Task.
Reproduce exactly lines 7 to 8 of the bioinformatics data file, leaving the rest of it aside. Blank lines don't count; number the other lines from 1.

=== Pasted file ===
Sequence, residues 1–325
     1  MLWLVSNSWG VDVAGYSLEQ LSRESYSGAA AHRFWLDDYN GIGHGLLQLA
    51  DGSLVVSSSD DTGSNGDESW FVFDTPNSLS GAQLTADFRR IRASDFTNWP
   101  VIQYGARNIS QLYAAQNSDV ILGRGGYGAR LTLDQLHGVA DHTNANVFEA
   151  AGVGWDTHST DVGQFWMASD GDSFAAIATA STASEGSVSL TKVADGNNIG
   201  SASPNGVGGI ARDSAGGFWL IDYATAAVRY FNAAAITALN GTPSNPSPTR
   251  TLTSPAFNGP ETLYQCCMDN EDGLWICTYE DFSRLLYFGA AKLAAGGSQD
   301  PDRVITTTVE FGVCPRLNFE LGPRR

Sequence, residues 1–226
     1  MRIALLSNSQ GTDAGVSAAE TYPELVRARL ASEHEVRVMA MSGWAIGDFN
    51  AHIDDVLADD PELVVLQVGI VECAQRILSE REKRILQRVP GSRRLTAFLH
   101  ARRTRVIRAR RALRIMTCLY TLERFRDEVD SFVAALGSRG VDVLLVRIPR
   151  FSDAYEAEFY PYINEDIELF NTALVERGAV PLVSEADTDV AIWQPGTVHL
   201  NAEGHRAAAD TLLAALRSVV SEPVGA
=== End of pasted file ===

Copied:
   251  TLTSPAFNGP ETLYQCCMDN EDGLWICTYE DFSRLLYFGA AKLAAGGSQD
   301  PDRVITTTVE FGVCPRLNFE LGPRR